Purple Rain // Friday, September 21, 2012 at Cinefamily
Before scientists confirmed the formal discovery of the Higgs boson, Prince had already located the key to limitless sexual frenzy in this Oscar-winning crowning achievement of ‘80s culture. In his semi-autobiographical film debut, Prince plays The Kid, a Minneapolis club musician as alienated by his tumultuous home life as he is talented on stage. Sharp-dressed & quick-tongued scene-stealer Morris Day (from the band The Time) is his rival, both in music and in affection for sultry singer Apollonia. As the competition heats up, shirts are removed, hips gyrate, guitars ejaculate and Prince and the Revolution scorch the soundtrack with hits “When Doves Cry,” “Let’s Go Crazy,” and of course, “Purple Rain.” But will the power of music be able to transcend & transform The Kid’s life as well as our own? Find out for yourself when a rare 35mm print of this energizing musical phenomenon lights up the Cinefamily screen!
Dir. Albert Magnoli, 1984, 35mm, 111 min.
$12, Free for Cinefamily members www.cinefamily.org
Cinefamily // 611 N Fairfax Avenue // Los Angeles // 90036
Born on this day: September 10, 1898 - Civil engineer, chemist, and inventor Waldo Semon (born Waldo Lonsbury Semon in Demopolis, AL). In 1926, while working in the research department at The BF Goodrich Corporation, he developed a material called Polyvinyl Chloride (PVC) originally for use as an adhesive to bond rubber to metal. Beginning in the late 1940's, PVC would be used in the manufacture of long playing LP and 45 RPM records.
Record collectors worldwide salute Dr. Semon!!
Born on this day: September 10, 1945 - Grammy award winning singer/songwriter and virtuoso guitarist José Feliciano (born José Montserrate Feliciano García in Lares, Puerto Rico). Happy 67th Birthday, José!!
On this day in music history: September 10, 1966 - Revolver, the seventh album by The Beatles hits #1 on the Billboard Top 200 for six weeks. Produced by George Martin, it is recorded at Abbey Road Studios in London from April 6 - June 21, 1966. The album marks the beginning a new phase in the bands' career musically and artistically, and will be praised as one of their greatest works. Standing in stark contrast to their previous release, the largely acoustic based Rubber Soul, Revolver will see The Beatles exploring new musical and sonic territory, with most of the songs being electric guitar based, though others touch on the use of orchestral instruments ("Eleanor Rigby"), Indian music ("Love You To"), and psychedelia ("She Said, She Said," "I'm Only Sleeping," "Tomorrow Never Knows"). The album will spin off the double A-sided single "Yellow Submarine" (#2 Pop) and "Eleanor Rigby" (#11 Pop). Artist Klaus Voorman will receive a Grammy Award for the albums' cover art.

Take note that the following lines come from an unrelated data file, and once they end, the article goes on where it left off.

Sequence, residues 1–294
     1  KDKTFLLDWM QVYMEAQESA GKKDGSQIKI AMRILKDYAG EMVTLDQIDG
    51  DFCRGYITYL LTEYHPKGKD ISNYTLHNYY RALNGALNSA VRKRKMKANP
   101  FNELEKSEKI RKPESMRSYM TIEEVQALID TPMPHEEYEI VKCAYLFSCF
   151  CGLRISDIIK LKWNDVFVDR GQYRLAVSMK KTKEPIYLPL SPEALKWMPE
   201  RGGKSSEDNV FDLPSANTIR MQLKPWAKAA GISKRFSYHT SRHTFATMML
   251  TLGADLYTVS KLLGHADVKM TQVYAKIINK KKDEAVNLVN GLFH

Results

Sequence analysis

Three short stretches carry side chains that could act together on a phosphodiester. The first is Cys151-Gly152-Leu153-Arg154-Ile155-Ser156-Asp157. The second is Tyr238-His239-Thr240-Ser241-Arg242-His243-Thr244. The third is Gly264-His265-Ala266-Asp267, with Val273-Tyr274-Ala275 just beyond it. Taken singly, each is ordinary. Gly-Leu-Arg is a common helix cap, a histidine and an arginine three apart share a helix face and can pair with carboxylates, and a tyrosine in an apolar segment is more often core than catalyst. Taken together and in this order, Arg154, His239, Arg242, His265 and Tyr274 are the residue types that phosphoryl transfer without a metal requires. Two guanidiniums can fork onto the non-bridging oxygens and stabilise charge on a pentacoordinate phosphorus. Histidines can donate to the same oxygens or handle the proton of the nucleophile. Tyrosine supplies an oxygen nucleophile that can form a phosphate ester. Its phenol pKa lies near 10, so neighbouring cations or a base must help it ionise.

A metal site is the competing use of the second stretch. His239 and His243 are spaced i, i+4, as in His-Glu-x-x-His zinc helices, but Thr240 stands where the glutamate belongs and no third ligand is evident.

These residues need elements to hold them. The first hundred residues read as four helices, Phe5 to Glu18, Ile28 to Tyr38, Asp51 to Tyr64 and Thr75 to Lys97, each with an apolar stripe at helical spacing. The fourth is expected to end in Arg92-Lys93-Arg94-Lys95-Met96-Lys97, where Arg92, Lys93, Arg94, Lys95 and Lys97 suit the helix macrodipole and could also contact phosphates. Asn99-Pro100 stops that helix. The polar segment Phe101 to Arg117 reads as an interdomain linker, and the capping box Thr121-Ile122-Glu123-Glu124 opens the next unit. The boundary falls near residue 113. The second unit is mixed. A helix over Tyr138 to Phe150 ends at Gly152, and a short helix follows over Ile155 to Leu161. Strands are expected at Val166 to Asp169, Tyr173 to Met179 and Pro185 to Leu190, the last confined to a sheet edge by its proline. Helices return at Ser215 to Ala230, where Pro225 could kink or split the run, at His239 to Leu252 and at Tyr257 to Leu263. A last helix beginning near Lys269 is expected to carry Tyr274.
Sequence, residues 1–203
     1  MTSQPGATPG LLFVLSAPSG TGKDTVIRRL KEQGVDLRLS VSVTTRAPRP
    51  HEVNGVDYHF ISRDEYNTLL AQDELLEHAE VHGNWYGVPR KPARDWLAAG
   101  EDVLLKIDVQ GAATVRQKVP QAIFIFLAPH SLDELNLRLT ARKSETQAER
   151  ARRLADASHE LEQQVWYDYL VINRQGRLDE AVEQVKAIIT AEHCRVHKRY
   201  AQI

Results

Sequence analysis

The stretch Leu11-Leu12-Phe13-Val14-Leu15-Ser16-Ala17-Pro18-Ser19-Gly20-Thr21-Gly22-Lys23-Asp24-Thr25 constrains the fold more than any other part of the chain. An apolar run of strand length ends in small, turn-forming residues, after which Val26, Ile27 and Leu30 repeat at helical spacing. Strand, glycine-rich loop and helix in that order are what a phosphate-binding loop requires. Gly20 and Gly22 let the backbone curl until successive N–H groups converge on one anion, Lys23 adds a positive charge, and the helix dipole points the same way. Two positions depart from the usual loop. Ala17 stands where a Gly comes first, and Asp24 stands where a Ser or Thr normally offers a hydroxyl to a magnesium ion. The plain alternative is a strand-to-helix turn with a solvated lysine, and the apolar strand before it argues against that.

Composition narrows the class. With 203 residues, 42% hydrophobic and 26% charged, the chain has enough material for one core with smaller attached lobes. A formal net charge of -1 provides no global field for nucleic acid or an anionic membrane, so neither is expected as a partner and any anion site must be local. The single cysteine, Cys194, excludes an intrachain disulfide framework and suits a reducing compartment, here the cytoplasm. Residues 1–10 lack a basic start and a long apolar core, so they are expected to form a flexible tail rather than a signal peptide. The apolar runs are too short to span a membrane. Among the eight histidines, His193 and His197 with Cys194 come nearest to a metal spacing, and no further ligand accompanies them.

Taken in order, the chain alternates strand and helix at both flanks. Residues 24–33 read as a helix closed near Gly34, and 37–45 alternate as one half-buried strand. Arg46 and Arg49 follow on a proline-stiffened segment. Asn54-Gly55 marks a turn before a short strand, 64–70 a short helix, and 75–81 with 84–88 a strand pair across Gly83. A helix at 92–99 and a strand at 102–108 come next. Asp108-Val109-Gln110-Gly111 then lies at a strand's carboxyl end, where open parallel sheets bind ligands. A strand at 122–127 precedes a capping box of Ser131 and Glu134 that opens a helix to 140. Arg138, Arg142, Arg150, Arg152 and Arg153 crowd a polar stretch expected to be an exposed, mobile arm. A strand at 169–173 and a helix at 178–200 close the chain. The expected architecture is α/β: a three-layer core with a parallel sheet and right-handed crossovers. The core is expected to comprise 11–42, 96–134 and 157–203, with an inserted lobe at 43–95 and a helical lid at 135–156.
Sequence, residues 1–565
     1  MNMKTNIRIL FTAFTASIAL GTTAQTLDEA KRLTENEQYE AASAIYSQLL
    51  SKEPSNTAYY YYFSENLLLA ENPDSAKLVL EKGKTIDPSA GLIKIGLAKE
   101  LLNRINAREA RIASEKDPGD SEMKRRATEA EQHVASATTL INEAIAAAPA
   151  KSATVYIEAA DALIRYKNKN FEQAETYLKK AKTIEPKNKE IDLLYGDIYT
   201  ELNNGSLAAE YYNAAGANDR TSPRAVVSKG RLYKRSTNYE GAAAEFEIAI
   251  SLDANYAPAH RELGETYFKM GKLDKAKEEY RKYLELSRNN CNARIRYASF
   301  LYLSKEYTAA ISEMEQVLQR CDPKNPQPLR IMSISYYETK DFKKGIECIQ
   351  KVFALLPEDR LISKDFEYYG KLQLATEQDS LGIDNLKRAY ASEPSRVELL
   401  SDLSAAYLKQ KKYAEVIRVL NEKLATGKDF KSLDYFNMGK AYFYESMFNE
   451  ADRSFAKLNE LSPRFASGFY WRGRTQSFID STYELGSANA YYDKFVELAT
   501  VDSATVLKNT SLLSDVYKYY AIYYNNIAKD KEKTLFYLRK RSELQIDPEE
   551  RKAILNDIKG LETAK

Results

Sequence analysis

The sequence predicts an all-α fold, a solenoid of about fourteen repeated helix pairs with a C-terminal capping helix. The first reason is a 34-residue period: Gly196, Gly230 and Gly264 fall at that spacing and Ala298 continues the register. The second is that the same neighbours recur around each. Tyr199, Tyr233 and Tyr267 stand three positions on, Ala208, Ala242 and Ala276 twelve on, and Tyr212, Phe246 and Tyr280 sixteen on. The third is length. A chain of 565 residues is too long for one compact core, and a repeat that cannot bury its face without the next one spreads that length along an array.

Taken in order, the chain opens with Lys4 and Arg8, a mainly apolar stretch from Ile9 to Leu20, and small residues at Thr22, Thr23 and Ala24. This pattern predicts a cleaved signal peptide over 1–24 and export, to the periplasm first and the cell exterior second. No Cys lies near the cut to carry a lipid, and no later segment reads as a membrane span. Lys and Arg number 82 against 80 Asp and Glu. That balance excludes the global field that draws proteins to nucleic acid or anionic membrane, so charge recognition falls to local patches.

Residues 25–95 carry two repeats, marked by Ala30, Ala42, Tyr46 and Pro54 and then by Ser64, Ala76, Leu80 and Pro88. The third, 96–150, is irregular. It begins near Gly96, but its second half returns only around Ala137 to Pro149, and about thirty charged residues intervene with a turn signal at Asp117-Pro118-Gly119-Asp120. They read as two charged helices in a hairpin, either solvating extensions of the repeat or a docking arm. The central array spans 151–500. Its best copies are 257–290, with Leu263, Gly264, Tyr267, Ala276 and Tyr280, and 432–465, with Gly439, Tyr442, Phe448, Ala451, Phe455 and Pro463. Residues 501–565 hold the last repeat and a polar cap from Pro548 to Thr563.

On this day in music history: July 2, 1966 - "Strangers In The Night" by Frank Sinatra hits #1 on the Billboard Hot 100 for one week. Written by Bert Kaempfert, Charlie Singleton, and Eddie Snyder, it is the fifth solo chart topper for the veteran singer. The song is originally composed as an instrumental for the film A Man Could Get Killed by german composer/arranger Kaempfert. Sinatra's producer Jimmy Bowen will hear the instrumental through the songs' publisher, then tells them that Sinatra would record it if lyrics could be written. The lyrics for the song are then written by Singleton and Snyder. Shortly after they're written, both Bobby Darin and Jack Jones have cut versions of the song. Wanting to beat both artists to the punch, Bowen will quickly arrange a session with Sinatra. The singer will record his vocals live with the orchestra in under an hour. Within 24 hours, Reprise Records has acetates of the single rush released to radio and is on the air across the country. "Strangers" is an immediate smash and will temporarily unseat The Beatles' "Paperback Writer" from the top spot on the Hot 100. "Strangers In The Night" will win three Grammy Awards, including Best Male Pop Vocal Performance and Record Of The Year.
On this day in music history: June 4, 1962 - The single "Surfin' Safari" by The Beach Boys is released. Written by Brian Wilson and Mike Love, it is the bands' debut release on Capitol Records. The released single is actually the second version of the song recorded, with the band previously cutting a version with engineer Hite Morgan at World Pacific Studios on February 8, 1962. The first recording also features guitarist Al Jardine who is replaced shortly afterward by David Marks (when Jardine drops out of the band for a year), and is not released until January of 1970. The second (and released) version is recorded at United/Western Recorders in Hollywood on April 19th with band manager and Wilson brothers father Murry Wilson credited as producer. Also recorded on the same session is the B-side "409," which will also chart (#76 Pop). "Surfin' Safari" will peak at #14 on the Billboard Hot 100 on October 13, 1962.